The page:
The Bookkeeper’s Pen, But Which Bookkeeper?

In the chaotic days of the early “recovery”, those opposed to the Federal Reserve’s response largely fell into the wrong camp. The central bank had done too muchthey claimed. Never mind how the first global panic in four generations had developed and then crushed the global economy, such deflation was over to be taken apart by rapid inflation if not hyperinflation.

The Fed was printing money, everyone believed, a big no-no as demonstrated throughout history. Weimar Germany comes to DC.

Not so, the central bank pushed back. You can be afraid of money printing all you like, but what we are doing isn’t money printing. The creation of bank reserves is nothing more than an accounting remainder.

Here’s one (of many) FRBNY response to the inflationistas from December 2009:

However, a careful examination of the balance sheet effects of central bank actions shows that the high level of reserves is simply a by-product of the Fed’s new lending facilities and asset purchase programs. The total quantity of reserves in the banking system reflects the scale of the Fed’s policy initiatives, but conveys no information about the initiatives’ effects on bank lending or on the economy more broadly. [emphasis added]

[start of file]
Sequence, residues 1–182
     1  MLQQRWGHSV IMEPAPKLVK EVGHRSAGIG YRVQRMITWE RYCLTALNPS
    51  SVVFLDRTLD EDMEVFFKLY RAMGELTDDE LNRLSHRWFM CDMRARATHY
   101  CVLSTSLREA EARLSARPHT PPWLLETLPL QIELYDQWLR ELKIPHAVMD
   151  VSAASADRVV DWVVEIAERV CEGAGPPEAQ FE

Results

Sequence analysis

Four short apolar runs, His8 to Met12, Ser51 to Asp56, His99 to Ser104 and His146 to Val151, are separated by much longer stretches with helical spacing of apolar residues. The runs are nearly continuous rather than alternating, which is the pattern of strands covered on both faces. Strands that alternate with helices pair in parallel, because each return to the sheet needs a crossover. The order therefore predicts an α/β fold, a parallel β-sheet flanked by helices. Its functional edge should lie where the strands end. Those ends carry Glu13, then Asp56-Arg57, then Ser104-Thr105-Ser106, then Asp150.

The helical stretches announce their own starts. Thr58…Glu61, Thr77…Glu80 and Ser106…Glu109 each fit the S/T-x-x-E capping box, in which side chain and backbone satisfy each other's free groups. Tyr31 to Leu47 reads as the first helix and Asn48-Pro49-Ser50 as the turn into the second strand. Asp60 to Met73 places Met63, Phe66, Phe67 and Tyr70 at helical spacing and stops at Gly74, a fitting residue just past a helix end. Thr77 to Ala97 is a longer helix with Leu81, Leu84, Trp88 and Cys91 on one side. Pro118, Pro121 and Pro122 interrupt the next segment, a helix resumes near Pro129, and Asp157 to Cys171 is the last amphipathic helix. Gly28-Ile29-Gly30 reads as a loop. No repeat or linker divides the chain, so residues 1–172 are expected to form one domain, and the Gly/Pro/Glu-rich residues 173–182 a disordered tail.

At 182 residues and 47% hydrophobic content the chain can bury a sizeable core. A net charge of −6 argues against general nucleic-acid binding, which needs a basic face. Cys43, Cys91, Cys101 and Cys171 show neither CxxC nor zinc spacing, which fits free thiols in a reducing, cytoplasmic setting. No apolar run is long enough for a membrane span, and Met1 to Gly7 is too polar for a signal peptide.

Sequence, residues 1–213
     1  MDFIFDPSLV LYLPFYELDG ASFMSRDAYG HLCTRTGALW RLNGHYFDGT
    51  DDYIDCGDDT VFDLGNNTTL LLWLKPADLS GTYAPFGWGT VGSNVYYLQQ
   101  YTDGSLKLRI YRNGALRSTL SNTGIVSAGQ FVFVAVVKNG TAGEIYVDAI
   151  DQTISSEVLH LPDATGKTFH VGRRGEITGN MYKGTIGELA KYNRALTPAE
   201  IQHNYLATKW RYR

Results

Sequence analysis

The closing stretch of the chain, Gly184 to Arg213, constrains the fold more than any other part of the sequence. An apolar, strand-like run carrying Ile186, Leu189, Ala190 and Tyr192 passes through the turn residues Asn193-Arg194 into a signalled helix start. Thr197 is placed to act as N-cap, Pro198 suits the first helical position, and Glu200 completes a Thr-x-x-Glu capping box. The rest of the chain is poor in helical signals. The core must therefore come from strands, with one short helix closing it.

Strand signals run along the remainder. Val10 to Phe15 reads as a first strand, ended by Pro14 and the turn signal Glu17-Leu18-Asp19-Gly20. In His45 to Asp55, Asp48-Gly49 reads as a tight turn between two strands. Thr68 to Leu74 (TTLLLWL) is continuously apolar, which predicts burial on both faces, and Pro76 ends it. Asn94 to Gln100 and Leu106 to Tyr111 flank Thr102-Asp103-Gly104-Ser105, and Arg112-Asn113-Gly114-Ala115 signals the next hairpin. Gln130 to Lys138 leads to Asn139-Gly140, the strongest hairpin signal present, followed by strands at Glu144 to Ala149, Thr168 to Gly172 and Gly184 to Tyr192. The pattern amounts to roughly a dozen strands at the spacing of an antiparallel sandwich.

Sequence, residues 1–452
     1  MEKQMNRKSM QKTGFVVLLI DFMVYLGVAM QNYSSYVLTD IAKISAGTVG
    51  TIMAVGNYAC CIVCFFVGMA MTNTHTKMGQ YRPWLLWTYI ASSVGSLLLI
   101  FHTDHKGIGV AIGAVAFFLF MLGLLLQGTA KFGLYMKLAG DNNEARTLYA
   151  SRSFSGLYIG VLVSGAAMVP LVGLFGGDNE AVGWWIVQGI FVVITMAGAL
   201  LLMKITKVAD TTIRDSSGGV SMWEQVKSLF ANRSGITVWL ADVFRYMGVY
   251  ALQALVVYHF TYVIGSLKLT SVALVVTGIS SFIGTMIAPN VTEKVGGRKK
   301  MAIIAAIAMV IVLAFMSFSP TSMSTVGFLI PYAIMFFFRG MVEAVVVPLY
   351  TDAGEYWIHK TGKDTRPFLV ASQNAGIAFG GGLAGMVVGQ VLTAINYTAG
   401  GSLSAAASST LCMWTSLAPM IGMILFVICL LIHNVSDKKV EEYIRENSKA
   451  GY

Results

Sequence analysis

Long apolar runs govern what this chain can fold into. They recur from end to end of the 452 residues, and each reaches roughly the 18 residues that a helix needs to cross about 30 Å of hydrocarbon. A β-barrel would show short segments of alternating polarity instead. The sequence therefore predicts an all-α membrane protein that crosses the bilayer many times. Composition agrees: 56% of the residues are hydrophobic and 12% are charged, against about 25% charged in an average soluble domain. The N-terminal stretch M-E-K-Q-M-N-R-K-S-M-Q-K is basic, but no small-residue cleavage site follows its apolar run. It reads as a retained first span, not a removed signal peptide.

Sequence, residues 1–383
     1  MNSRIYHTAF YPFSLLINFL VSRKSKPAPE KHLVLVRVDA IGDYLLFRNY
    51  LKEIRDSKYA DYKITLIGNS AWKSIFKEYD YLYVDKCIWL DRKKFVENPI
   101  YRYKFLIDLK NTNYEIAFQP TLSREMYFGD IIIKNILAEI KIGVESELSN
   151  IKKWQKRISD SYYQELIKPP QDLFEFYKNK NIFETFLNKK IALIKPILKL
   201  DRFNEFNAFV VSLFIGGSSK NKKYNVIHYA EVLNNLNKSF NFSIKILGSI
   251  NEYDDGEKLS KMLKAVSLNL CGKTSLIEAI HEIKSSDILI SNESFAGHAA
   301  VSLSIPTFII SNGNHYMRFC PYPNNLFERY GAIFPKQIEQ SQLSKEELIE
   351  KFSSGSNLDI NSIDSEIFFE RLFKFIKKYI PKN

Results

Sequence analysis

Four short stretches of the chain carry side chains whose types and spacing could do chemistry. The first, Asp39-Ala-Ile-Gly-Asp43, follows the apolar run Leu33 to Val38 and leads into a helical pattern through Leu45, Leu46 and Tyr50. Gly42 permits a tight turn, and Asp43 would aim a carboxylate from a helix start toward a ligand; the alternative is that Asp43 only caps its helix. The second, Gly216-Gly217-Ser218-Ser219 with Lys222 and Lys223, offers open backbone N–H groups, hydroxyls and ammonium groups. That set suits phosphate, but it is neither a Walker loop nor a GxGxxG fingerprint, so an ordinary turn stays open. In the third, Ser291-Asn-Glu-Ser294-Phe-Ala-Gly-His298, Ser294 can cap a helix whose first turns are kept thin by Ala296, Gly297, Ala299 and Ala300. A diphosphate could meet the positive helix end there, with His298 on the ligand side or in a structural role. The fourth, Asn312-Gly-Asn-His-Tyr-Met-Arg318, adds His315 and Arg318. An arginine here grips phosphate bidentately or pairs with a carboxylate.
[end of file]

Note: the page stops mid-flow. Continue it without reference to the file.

The paper goes through the accounting details of LSAP’s with quite a satisfactory sufficiency. I have even used these very examples as the basis for going further, the bank structure for Eurodollar University both Series 1 and Series 2 (as well as looking at the implications starting here).

QE was nothing more than an asset swap (in my view, not a very useful one, either). Officials were, at first, well aware of this fact if only to shield themselves from growing mainstream criticism. A lot of that was tied not just to visions of hyperinflation but also restarting the stock bubble. The two were taken as the same; money printing would unleash consumer and asset inflation.

It was all unsophisticated noise, however, this condemnation originating from the same position of eurodollar ignorance that ironically derived from believing too much in the central bank itself. The consequences of its critics being wrong on inflation somehow has meant the central bank cannot be criticized at all. Politicians are now scared.

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Disclosure: This material has been distributed for informational purposes only. It is the opinion of the author and should not be considered as investment advice or a recommendation of any ...

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Gary Anderson 4 months ago Contributor's comment

Snider and Sumner and Selgin disagree lots, but on excess reserves they all seem to agree. Excess reserves are a head fake, not stimulus in any way.